Posts Tagged ‘comedy’

Director: Wes Anderson

Actors: Edward Norton, Ralph Fiennes, Bill Murray, Owen Wilson, Willem Dafoe,
Jude Law, Adrien Brody, Tilda Swinton, Jeff Goldblum, Jason Schwartzman, Harvey Keitel

Another piece of gold from the Wes Anderson treasure chest is coming. Set between the wars in a fast changing Europe, The Grand  Budapest Hotel tells the story of Gustave, a Chef d’hotel played by a very untypical Ralph Fiennes. The picture looks like it has everything you expect from a Wes Anderson story: colorful, funny and a cast that keeps on getting more impressive every time. What’s great about Wes Anderson films is his ability to cast actors we all know pretty well to play certain roles, and make them surprise us. It looks like it’s not going to be any different this time. Grand Budapest Hotel is set to come out in March of next year.

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Actors: Joseph Gordon-Levitt, Seth Rogen, Anna KendrickAnjelica Huston

Director: Jonathan Levine

50-50

A movie about dealing with cancer, death and the life lessons that come with it… with Seth Rogen in one of the major parts? You have to admit it sounds quite odd, but I guess that’s why it caught my attention and made me curious. And I must say, my curiosity was rewarded. Seth Rogen’s performance isn’t much different from anything else he played before: the goofy teddy-bear-like chubby with a certain lack of finesse. But is works great, even in a movie like this.

When Adam (Joseph Gordon-Levitt) goes to a doctor because of a persistent backache, he is diagnosed with a rare form of spinal cancer. Not only is the ground swept from under his feet when he hears the news, Adam also quickly learns that a live-changing event like this also has an impact on the people around him. Through his illness, he learns he didn’t know some of the people close to him as well as he thought.

I can imagine what this story tells about dealing with cancer comes pretty close to reality for some people. You might think differently because there’s quite a bit of comedy in it. But if anything, that comedy somehow makes the story even more genuine. After all, isn’t humor also a way of dealing with the set backs of life? Don’t get me wrong, this movie also depicts the fear, the helplessness, the disbelief, the anger and a few other things that come with dealing with something of this magnitude. But that’s the beauty of this film: comedy and drama come together in a balanced way. It also tells a story about how, even a major mishap can lead to enrichment in one’s life. 50/50 will put a smile on your face at times, but it might just as well immobilize you on occasion.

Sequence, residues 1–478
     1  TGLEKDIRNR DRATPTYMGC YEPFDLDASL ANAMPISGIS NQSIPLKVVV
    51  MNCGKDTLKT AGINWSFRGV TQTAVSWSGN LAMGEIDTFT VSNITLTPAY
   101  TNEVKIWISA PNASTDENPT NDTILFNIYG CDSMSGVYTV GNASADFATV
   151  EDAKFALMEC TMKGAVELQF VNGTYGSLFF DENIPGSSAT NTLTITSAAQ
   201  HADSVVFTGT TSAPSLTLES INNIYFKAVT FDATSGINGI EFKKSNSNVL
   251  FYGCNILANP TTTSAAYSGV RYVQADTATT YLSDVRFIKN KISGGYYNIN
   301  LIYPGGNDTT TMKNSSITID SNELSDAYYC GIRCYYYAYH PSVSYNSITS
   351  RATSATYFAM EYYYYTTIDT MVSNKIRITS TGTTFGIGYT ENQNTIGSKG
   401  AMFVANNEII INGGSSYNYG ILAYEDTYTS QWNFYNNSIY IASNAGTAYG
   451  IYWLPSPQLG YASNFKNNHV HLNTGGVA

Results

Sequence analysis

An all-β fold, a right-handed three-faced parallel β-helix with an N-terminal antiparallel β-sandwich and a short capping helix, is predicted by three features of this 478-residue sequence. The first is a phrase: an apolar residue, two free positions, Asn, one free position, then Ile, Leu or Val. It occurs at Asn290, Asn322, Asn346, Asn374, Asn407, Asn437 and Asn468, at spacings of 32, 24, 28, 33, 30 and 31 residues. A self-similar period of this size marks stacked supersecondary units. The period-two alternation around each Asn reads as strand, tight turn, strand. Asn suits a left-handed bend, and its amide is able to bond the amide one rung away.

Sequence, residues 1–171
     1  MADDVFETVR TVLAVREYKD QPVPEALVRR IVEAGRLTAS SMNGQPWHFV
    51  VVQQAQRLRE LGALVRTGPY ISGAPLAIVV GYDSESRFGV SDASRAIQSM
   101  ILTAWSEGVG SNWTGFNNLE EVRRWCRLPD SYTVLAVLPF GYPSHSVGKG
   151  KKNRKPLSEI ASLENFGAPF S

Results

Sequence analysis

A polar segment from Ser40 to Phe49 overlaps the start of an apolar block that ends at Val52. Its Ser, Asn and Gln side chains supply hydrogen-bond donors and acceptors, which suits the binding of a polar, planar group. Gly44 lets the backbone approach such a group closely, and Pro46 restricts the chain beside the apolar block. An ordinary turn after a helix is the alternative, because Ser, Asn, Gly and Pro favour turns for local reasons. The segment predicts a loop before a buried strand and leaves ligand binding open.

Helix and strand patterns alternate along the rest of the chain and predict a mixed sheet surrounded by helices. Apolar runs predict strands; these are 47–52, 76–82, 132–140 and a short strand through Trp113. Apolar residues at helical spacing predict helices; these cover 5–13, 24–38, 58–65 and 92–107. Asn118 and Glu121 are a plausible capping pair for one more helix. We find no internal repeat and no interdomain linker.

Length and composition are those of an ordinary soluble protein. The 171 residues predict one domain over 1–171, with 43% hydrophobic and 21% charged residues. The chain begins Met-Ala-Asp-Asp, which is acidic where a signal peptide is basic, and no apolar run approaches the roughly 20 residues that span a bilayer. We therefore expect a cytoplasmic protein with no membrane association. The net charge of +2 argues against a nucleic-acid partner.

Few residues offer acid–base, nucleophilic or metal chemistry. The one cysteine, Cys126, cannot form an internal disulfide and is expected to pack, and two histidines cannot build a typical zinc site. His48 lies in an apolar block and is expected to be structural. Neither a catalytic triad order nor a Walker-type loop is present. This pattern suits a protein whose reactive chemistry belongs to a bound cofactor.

Check out this scene where Adam, with the help of his friend Kyle, decides to overrule one of the symptoms of his chemotherapy and shaves his head bold.

Actors: Will Ferrell, Emma ThompsonDustin Hoffman, Maggie Gyllenhaal

Director: Marc Forster

stranger than fiction

Harold Crick leads a rather dull life. He lives alone,works as an IRS tax collector and carefully counts the number of strokes while brushing his teeth every morning. Until one day when he starts hearing a voice that narrates his actions and thoughts. At first, Harold ignores what’s happening to him. But as the voice becomes more and more present and finally reports about Harold’s ‘imminent death’, his quiet, organized life is disrupted for good.

Little does Harold know, his life is actually being written by a real writer, Karen (played by a chain-smoking Emma Thompson) who had her moment of fame a decade ago but now suffers from an nasty writers-block.  She is unaware about the impact of her writing on Harold’s life.

If you are into movies with a somewhat surreal twist to it (like Being John Malkovich, Adaptation), you have to see this one.  It is interesting to see, Will Ferrell, one of Hollywood’s most uninhibited actors,  putting such a restrained character on the screen without loosing credibility. As the story evolves and Harold, forced by his fast approaching ‘imminent death’, starts losing his rigidity, Ferrell gets to be his ‘old self’ more and more, adding a good deal of Ferrell-comedy to it all. Parallel to his search for ‘the voice’, there is also a romantic side to Harold’s story as he has a crush on Ana Pascal (Maggie Gyllenhaal), a baker who is being audited by him but refuses to pay her taxes. The ‘love story’-part brings a nice balance to the whole and makes you feel more emotionally involved with Harold’s sad, nearing fate.

Stranger than Fiction, is comedy, drama and romance glued together in an ‘out of the box’ story. The impossibility of the whole situation and how every character deals with it makes watching it an enjoyable experience.